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Thursday, July 29, 2004

U.S: Deep Throat suspect dead

Media Guardian reports that Watergate Deep Throat suspect Fred LaRue was found dead in a Mississippi motel room today. Washington Post reporters Bob Woodward and Carl Bernstein, who based much of their investigative reporting about the Nixon White House on information from an insider they called Deep Throat, have said they would reveal their source's identity only after his death. "Although there have been several names advanced as Deep Throat, LaRue is one of the more likely candidates," the Guardian reports. "He was a special assistant to John Mitchell, the former attorney general who headed Creep, the Campaign to Re-elect the President, in 1972. ... Although LaRue insisted he was not Deep Throat, and that the source was a combination of several people, Woodward and Bernstein have insisted Deep Throat was one person. LaRue said last year that President Nixon had not been told of the plan to break into the building. ... LaRue served four and a half months in prison for his role in the Watergate conspiracy, after being charged with obstructing justice." This summer marks the 30th anniversary of the Watergate scandal. Check out this excellent look back at journalism's impact on Nixon's resignation and Watergate's long-term impact on American journalism, from the American Journalism Review.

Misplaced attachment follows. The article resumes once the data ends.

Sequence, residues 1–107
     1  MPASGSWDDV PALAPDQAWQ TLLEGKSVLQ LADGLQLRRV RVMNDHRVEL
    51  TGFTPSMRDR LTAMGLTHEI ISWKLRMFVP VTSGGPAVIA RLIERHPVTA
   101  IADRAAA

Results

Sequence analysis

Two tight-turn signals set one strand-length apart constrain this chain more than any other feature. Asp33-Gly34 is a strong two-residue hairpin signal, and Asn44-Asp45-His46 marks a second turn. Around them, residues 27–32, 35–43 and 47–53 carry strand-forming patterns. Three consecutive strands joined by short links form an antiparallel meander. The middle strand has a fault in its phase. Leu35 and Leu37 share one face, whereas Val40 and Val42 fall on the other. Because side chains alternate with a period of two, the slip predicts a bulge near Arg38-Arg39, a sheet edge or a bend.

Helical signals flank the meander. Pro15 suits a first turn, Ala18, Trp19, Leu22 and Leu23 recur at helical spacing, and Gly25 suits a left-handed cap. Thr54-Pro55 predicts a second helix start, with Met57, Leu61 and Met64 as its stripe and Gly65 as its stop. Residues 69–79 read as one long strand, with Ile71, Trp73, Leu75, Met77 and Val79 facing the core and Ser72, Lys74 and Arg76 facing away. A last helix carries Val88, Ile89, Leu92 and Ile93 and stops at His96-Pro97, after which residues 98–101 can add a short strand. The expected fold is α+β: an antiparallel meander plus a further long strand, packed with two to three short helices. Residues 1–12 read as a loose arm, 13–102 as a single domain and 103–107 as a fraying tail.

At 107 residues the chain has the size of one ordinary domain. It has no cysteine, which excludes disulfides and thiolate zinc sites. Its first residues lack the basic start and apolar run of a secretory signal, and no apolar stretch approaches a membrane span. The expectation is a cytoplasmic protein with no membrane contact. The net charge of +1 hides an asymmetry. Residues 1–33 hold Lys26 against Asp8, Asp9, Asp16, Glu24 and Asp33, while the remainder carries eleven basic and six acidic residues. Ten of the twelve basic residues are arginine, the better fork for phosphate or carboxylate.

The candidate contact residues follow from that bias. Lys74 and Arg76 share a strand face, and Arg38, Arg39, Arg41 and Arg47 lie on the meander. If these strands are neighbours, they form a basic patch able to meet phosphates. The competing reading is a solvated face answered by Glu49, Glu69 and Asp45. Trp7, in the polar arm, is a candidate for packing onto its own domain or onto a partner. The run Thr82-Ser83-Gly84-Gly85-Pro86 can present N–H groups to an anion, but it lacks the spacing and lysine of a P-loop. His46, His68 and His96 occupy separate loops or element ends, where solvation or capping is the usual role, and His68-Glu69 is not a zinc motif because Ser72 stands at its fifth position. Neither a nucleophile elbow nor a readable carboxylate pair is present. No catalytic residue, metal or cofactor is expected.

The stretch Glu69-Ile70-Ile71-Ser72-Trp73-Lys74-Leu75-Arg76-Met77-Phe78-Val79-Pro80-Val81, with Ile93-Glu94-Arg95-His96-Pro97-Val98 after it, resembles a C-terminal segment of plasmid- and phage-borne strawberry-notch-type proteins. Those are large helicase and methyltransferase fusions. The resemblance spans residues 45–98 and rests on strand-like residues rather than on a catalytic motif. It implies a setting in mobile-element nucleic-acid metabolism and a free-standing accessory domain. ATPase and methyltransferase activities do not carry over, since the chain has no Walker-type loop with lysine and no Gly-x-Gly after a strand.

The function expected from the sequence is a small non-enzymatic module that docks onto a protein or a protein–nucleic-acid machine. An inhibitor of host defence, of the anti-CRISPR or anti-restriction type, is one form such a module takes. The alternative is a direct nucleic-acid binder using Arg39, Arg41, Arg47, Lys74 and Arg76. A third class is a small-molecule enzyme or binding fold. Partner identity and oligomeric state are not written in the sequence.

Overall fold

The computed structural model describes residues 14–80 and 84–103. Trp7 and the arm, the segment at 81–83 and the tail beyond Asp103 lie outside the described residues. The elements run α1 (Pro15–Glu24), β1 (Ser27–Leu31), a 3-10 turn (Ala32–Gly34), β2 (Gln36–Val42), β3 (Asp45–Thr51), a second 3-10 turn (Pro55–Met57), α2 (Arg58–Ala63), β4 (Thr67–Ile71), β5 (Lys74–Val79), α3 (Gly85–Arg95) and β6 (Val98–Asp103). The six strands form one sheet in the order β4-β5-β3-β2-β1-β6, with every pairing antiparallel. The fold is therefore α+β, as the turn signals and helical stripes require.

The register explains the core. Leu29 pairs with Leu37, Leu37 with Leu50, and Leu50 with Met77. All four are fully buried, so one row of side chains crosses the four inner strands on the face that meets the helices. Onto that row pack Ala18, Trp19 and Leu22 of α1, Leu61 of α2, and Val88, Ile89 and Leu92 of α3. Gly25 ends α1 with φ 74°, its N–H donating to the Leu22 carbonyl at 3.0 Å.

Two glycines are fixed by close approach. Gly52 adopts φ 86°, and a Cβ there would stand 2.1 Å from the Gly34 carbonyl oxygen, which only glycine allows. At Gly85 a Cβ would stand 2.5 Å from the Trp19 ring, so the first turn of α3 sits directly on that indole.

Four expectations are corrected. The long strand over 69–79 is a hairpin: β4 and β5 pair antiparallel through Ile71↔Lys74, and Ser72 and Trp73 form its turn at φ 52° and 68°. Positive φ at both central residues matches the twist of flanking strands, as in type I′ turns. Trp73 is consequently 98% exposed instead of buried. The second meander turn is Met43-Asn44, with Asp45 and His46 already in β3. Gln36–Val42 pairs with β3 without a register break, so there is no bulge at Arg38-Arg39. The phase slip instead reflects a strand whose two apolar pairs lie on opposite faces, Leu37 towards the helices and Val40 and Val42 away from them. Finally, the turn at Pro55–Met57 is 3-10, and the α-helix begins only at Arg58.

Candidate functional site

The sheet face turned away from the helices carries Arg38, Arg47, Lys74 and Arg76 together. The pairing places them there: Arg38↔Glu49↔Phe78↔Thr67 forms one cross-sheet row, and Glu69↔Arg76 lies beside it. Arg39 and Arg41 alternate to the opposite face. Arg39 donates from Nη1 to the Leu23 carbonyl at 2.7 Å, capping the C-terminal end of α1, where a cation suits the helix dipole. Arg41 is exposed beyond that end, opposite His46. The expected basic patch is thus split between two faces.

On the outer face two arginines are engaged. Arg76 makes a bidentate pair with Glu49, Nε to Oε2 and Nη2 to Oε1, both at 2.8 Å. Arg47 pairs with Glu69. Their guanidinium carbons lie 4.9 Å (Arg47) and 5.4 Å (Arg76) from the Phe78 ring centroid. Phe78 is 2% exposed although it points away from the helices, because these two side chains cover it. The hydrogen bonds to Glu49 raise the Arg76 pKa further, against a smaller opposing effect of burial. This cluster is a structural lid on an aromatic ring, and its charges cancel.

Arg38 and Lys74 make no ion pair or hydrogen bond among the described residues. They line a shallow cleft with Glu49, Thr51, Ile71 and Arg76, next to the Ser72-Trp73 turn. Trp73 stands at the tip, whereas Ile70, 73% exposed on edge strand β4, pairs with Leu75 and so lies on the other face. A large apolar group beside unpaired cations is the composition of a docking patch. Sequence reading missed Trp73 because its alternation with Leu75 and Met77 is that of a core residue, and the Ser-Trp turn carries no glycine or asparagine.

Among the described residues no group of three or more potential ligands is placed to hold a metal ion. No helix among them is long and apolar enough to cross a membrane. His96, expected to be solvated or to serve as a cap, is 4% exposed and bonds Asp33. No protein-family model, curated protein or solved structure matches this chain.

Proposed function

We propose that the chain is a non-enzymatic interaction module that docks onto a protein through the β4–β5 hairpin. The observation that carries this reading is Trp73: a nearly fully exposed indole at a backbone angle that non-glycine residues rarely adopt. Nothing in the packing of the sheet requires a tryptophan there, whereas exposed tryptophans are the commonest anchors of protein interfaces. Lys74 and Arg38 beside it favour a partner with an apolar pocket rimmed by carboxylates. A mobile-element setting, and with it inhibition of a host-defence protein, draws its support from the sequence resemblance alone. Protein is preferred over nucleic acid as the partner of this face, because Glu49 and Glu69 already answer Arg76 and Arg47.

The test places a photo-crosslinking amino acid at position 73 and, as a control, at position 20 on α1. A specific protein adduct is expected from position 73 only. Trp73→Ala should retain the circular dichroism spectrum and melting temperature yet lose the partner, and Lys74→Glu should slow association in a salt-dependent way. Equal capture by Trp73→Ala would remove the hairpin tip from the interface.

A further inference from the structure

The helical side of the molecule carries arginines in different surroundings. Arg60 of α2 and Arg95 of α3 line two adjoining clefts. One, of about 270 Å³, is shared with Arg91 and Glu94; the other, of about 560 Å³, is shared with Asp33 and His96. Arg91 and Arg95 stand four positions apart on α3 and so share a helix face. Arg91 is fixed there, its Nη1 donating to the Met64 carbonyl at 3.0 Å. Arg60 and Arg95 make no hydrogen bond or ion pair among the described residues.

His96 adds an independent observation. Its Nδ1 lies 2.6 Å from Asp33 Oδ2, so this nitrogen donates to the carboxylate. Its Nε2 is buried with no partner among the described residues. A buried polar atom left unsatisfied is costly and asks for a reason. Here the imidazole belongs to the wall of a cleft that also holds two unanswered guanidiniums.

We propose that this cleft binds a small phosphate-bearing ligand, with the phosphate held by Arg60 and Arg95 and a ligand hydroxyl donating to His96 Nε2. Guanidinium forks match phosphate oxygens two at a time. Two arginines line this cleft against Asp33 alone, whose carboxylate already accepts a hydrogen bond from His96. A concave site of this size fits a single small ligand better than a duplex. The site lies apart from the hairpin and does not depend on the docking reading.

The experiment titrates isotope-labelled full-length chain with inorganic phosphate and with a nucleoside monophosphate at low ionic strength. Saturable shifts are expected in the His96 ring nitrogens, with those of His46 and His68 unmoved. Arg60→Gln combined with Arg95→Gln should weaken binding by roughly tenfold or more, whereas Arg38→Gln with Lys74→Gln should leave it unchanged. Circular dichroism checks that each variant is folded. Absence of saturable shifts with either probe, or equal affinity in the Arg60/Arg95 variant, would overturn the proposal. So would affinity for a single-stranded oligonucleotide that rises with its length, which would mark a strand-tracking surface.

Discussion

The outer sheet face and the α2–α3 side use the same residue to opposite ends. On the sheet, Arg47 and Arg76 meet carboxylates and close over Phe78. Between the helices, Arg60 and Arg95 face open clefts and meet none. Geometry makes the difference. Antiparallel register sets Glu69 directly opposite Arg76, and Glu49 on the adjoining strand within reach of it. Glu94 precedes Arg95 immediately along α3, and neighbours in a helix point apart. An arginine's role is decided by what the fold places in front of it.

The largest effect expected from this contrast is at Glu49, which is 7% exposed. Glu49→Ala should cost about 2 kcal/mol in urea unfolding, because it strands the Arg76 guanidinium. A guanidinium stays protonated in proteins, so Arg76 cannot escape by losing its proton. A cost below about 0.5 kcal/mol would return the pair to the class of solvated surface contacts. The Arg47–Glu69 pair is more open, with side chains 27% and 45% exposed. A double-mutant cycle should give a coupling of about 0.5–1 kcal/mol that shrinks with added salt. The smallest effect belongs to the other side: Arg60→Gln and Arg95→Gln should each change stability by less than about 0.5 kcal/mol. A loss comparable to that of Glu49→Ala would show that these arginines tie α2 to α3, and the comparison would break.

Source: Media Guardian and American Journalism Review

Posted by Dana Goldstein on July 29, 2004 at 10:44 AM in i. Future of print, o. Ethics and Press Freedom | Permalink


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